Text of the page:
Tech Valley will
use 3-D printer to add new dimension to education
Students will be able to bring their designs to reality with a few carefully calculated key strokes
Tech Valley High School (TVHS) is adding a new dimension to the science, technology, engineering and mathematics (STEM) education it offers to students — literally.
This summer, the school acquired a new 3-D printer and entered a new era of possibility in taking the ideas students have and bringing them into the real world.
“For me, working with machines gave me a better understanding of what I wanted to do with my life,” said Keely Kocsis, one of the school’s resident 3-D printing experts.
Kocsis, 15, is going to be a junior in the 2015-16 school year, but has spent several days at the school over her summer vacation experimenting with the printer’s capabilities and getting to know it inside and out.
“I think this machine could do a lot for our projects in the future,” she said.
TVHS teachers are already imagining different ways to integrate the 3-D printer into their courses. Chemistry teacher Diana Weldon is considering having her chemistry students design and then print models of molecules. The new teacher for the STEM@CNSE program, Gene Murphy, plans on using the 3-D printer to illustrate the process for nanotechnology production and structures.
“At Tech Valley, we're interested in kids being able to create work products that are as authentic and relevant as possible,” TVHS Principal Jim Niedermeier said. “It is one thing to learn how to use a CAD program by designing a theoretical part; it is quite another thing to be able to instantly print out that part and be able to put it to good use. You can't get more authentic than actually making something useful.”
Foundation Board member David Gibson, the entrepreneur who committed $5,000 to the school for the purchase of the printer and materials, said the importance of the 3-D printer goes deeper than just the products students will make with it.
“Understanding spatial relationships and being able to think in three dimensions is critical to a number of fields,” he said, including many of the science, technology, engineering and mathematics fields TVHS specializes in. A mechanical engineer, Gibson said the value of 3-D thinking goes beyond just engineering fields, though. “It’s essential for a lot of technology, for art, physics, chemistry and a variety of other fields.”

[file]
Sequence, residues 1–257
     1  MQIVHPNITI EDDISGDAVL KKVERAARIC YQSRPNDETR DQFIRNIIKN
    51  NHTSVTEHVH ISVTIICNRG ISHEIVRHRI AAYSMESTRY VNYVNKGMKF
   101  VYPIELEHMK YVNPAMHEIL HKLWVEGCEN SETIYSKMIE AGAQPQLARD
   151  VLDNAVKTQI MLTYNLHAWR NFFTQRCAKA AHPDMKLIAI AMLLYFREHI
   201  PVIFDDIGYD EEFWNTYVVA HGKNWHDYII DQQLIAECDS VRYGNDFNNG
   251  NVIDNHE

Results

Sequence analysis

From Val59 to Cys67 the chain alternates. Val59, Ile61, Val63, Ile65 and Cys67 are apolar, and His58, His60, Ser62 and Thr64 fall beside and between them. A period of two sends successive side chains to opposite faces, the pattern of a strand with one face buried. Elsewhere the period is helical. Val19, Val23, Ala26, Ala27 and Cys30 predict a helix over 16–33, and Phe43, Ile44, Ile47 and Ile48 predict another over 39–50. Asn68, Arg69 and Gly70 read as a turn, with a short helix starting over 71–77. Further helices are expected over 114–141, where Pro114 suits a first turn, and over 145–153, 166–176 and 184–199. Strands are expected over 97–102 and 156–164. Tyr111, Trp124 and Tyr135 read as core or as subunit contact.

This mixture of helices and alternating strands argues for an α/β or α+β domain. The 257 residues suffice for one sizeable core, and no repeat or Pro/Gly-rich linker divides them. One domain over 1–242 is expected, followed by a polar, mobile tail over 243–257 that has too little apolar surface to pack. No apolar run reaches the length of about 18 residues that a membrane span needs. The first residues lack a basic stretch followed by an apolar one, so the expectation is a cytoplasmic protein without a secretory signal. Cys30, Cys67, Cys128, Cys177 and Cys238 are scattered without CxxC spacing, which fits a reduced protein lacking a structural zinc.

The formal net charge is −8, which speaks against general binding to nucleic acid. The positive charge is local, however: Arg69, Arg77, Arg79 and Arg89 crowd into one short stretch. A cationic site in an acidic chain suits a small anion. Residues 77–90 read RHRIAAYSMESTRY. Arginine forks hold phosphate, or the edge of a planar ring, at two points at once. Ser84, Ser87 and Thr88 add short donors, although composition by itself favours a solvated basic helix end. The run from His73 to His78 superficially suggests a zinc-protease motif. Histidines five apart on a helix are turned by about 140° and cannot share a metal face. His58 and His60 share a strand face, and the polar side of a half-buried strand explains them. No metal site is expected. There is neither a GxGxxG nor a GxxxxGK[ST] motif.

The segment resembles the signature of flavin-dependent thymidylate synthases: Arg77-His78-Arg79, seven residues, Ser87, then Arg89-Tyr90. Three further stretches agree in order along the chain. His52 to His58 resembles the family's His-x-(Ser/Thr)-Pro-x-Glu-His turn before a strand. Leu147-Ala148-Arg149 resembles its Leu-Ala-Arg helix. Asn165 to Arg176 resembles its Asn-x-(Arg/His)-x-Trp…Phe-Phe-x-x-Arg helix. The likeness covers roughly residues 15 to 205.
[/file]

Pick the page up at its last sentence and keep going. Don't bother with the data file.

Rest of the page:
Gibson said the device also opens other educational possibilities to the school. “It opens the ability for a small manufacturing operation to raise funds and create small business opportunities,” he said, adding that students could actually sell some of the student-made products to raise money for other projects.
In fact, even the selection and purchase of the 3-D printer was a learning experience for a handful of interested students, who established the criteria the school would use to choose a machine, evaluated the marketplace and ultimately selected a 3-D printer that was more cost-effective than those Gibson had been looking at.
“There was a great learning experience involved in the students going through the process,” he said.
"TVHS is proud of the strong relationships it has developed over the years with professionals in the business, education and technology sectors,” Tech Valley Regional Technology Institute Director Jim Church said. "David Gibson has supported the school since its inception; this contribution is yet another example of his commitment to ensuring our students have the resources to learn the skills necessary for the 21st-century workplace.”
The top photo is a shot of the 3-D printer in action. The other photos are products Kocsis produced while getting familiar with the 3-D printer.